Literary tastes explored...
Charlotte Church

There are re-inventions - and then there's Charlotte Church.

A child prodigy in the operatic world, when Charlotte Church reached her teens she began to assert more control on her career. Notching up pop hits seemingly at will, the Welsh artist is now seemingly keen to try something a little... different.

New EP 'THREE' - the logically titled third segment of a five part series - is most certainly that. A chaotic mosaic of influences, it finds Charlotte Church sluicing together 80s pomp rock, flickering electronics, intimate songcraft and even free jazz.

It's a heady mixture. Aside from the music, though, there is a real depth to the project; a sense that every step is thought through. Inviting Charlotte Church to take part in Their Library, Clash half-expected the Welsh artist to simply reel off a few titles and continue on her merry way.

What we received, though, was a wry, witty and revealing meditation on the way literature has impacted upon her life.

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What is your favourite book and why? 
Probably the most affecting thing I've ever read was the 'His Dark Materials' trilogy by Philip Pullman. Some may think it a bit lame to choose a kids' book as my favourite but this is a book for kids about killing God, so… Aside from his searing insight into the way religions operate, the exploration of multi-verse theories, the tender handling of his characters'  sexual awakening, the complex portrayal of parent-child relationships, Pullman's greatest achievement is delivering a riveting adventure story, jam-packed with fantastical yet believable characters and worlds, that weaves all these threads together with more elegance than the vast majority of authors writing for adults. Even the arty ones.

What draws you to certain books?
Generally I find myself attracted to a book because of its blurb, a friend's recommendation, (rarely) a review, but not often would I pick up a book because of its author.

Have you ever discovered a real lost classic? What is it and why?
There's a book by the South African author Bryce Courtenay called 'The Power of One' which I think is ace, but no-one else I know seems to have heard of it. They made it into a film in the nineties but it was supposed to be bogus.

Do your literary influences have a direct impact on your songwriting?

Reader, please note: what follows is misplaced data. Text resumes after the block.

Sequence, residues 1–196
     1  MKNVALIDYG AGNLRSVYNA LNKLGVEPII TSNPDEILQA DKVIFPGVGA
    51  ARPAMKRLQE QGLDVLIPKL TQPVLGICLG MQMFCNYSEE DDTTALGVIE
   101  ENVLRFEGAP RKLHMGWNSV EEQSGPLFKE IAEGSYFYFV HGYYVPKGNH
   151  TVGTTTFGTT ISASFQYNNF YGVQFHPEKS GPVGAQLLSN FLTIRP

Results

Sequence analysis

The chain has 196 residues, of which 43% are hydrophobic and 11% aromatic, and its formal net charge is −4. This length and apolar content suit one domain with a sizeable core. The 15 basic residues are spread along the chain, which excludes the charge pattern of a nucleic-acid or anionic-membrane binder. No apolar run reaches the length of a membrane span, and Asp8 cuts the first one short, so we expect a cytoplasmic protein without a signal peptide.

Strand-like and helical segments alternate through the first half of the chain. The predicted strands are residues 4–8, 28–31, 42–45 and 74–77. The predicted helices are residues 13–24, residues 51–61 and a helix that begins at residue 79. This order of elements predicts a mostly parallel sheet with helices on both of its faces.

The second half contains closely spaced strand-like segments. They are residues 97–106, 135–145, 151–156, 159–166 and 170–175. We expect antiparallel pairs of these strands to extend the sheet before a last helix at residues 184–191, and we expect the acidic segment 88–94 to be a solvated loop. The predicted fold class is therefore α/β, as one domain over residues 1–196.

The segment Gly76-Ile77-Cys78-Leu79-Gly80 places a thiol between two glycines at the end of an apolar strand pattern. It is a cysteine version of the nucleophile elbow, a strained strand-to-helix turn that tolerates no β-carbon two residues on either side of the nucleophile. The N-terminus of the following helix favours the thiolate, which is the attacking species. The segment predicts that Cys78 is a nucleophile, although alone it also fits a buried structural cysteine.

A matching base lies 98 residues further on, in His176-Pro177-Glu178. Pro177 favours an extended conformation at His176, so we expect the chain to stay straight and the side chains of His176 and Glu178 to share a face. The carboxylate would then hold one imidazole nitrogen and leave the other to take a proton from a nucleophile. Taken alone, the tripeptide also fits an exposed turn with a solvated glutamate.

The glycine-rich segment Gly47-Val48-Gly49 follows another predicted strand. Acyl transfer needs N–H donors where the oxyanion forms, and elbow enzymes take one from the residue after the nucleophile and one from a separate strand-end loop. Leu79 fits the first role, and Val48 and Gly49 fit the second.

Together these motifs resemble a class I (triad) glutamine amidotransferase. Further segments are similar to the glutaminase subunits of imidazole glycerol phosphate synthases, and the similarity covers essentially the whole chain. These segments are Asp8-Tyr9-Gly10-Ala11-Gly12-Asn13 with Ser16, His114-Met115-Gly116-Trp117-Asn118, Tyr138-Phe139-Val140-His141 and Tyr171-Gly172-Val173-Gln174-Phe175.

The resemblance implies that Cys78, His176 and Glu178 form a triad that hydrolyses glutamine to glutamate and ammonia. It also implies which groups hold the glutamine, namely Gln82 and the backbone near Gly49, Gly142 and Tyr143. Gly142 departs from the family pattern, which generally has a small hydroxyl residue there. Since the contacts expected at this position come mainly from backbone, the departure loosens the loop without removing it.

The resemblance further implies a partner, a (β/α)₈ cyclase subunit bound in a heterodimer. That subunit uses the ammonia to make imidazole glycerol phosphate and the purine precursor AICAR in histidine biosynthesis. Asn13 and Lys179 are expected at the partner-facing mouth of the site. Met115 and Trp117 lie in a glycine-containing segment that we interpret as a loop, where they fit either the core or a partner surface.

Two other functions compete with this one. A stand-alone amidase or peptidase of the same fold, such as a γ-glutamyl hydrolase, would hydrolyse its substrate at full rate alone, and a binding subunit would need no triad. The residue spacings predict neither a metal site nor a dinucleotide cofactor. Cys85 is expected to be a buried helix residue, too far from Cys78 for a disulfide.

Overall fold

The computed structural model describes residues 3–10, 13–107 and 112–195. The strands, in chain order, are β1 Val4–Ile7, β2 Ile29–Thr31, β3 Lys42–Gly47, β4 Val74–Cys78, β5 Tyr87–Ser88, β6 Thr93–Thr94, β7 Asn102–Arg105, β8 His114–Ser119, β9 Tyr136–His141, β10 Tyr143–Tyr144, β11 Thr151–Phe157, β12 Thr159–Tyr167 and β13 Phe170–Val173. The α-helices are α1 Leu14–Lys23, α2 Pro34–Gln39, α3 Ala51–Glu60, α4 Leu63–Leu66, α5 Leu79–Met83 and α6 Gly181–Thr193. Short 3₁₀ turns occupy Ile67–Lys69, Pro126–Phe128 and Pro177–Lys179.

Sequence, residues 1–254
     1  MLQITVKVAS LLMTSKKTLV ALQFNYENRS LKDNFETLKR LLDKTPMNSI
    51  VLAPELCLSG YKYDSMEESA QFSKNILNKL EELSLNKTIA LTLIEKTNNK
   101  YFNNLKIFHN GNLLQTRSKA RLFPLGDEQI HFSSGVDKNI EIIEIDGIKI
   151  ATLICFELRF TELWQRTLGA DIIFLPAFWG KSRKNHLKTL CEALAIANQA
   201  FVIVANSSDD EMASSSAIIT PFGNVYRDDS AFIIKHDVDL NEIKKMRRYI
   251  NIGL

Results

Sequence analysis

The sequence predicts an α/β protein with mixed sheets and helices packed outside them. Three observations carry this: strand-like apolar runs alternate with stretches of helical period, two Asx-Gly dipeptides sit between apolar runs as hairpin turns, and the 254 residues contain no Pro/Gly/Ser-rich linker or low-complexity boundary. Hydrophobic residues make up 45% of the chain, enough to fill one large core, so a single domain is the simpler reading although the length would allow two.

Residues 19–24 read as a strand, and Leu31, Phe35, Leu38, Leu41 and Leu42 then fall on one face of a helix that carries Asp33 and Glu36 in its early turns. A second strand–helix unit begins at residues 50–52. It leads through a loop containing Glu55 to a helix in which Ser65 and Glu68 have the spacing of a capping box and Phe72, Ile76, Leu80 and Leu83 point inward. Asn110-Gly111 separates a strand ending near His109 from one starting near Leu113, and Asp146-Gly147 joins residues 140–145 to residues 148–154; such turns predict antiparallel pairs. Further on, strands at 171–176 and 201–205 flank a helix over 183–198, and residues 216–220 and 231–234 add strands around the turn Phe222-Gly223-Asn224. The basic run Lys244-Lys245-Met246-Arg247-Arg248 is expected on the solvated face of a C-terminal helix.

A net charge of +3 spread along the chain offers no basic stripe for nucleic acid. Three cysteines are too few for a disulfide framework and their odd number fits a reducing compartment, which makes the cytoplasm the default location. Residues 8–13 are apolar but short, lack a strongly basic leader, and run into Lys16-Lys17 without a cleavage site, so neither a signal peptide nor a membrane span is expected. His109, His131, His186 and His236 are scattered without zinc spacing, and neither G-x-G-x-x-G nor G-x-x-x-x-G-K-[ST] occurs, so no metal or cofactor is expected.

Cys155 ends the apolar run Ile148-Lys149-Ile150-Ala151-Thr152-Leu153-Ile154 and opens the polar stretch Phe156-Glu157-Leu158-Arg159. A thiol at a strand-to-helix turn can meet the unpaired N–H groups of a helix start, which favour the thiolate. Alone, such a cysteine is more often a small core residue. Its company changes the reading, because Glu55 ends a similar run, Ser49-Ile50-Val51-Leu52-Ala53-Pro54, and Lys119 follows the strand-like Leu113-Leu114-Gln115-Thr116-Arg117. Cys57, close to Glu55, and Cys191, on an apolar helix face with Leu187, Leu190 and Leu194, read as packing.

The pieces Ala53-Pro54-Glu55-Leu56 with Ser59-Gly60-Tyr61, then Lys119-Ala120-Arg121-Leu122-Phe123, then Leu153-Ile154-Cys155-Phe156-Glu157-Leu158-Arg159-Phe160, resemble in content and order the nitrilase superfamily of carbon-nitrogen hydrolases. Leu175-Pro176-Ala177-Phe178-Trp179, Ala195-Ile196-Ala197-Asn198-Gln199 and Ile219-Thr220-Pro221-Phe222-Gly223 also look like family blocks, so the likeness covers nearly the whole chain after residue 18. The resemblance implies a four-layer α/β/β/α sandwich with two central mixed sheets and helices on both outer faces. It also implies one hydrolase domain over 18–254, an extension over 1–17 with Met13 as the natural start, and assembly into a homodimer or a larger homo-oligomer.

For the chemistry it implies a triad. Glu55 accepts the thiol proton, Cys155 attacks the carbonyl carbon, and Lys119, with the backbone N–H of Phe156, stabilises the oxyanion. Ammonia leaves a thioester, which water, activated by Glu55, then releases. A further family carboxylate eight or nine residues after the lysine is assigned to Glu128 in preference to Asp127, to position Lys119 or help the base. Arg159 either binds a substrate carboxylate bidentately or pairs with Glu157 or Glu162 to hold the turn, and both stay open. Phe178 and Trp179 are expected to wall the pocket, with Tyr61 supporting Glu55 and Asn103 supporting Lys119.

Not especially. When I'm reading a really good book I do find myself creatively sharper and I'm quicker to come up with good ideas, so I suppose I must derive some influence from reading. My two songwriting partners are both very book-ish so they are always bringing some literary allusion or other to the table. I prefer to start with a blank slate when writing rather than attempting to hang material off of a devised, literature-influenced scaffold.

What are you reading at the moment? 
I just finished 'Rendezvous with Rama' by Isaac Asimov which was like nothing I've ever read before. I watched my partner fight his way through David Foster Wallace's 'Infinite Jest' last year, and he was so blown away with it I thought I ought to have a go. I've only just started it and I can't deny I'm a little nervous. It's very long.

What is the first book you remember reading as a child?
It was one of the 'Malory Towers' books by Enid Blyton. And I haven't got very much to say about that.

Did you make good use of your library card?
I was far too busy working as a kid to visit the library. At 14 I rather precociously read a rather large 'Collected Works of Plato' from front to back, and understood about a quarter of it.

Have you ever found a book that you simply couldn’t finish? 
I honestly can't think of a single book that I started and didn't finish. I'm stubborn like that.

Do you read book reviews? 
I don't read book reviews regularly at all. A novel is such a subjective thing (above a certain standard) that if I read a book review I find myself generally not wanting to read the book itself.

Would you ever re-read the same book? 
If I ever thought to re-read anything I'd have to give it a long time. And it would have to be very good.

Have you ever identified with a character in a book? Which one and why?
In Michael Cunningham's 'The Hours' with the three women, who almost act as three sides of the same woman, I found myself identifying with different aspects of each.

Is there an author or poet you would like to collaborate with? 
I suppose I'd love to write music to the words of someone like Simon Armitage, and one day I really want to write a sci-fi opera, maybe based on a Phillip K Dick novel or 'Stranger In A Strange Land' by Robert A. Heinlein.

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'THREE' EP is out now.

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